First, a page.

In order to win in today’s highly innovative and competitive markets, automotive OEMs and high-tech companies are continuously improving their R&D methods. The aim is to increase product quality while reducing time and costs for both engineering and production processes. For sound & vibration engineering (‘NVH’ in automotive) a group of methods that has been significantly revamped over the past years is Transfer Path Analysis (TPA). With TPA, engineers evaluate the noise from various sources (e.g. road or engine noise), which propagates to the receiver (the driver or passengers) through various transfer paths.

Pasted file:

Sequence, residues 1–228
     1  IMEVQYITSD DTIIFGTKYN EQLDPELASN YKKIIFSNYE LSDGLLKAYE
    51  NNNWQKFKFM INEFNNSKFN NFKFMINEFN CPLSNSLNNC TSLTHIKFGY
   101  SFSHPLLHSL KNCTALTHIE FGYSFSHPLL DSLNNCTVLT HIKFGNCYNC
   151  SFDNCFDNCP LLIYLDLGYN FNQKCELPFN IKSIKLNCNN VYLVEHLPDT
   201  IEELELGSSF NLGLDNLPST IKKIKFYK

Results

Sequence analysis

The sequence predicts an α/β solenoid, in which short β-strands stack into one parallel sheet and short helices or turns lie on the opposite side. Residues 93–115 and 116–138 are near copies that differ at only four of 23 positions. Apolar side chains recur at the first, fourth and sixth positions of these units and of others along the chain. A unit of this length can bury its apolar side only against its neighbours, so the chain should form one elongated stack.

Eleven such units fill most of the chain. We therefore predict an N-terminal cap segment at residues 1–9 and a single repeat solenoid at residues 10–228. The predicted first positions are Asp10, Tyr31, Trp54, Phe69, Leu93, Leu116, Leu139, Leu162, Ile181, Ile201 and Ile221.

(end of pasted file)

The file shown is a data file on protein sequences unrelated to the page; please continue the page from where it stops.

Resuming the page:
Component-based TPA is a significant part of the VIBES Methodology. Over the past years, VIBES further developed the component-based TPA methodologies and worked together with clients to tackle all types of sound & vibration issues based on measurements.
With the variety of TPA methods growing over the past years, the need for a clear classification of methods and their pros and cons became inevitable. In 2015, VIBES’ own Dr. Maarten van der Seijs and Dr. Dennis de Klerk, together with Prof. Dr. Daniel Rixen, proposed a general framework to structure the different TPA methods.
For the first time, similarities between well-known classical methods (such as mount-stiffness and matrix inversion) and the popular Operational TPA method have been made clear. More importantly, all recent approaches dealing with “Blocked Forces” were included and categorized into the component-based TPA family, in a way that helps the engineer choose the right approach, test bench design or source description for the case at hand. Research paper can be found here.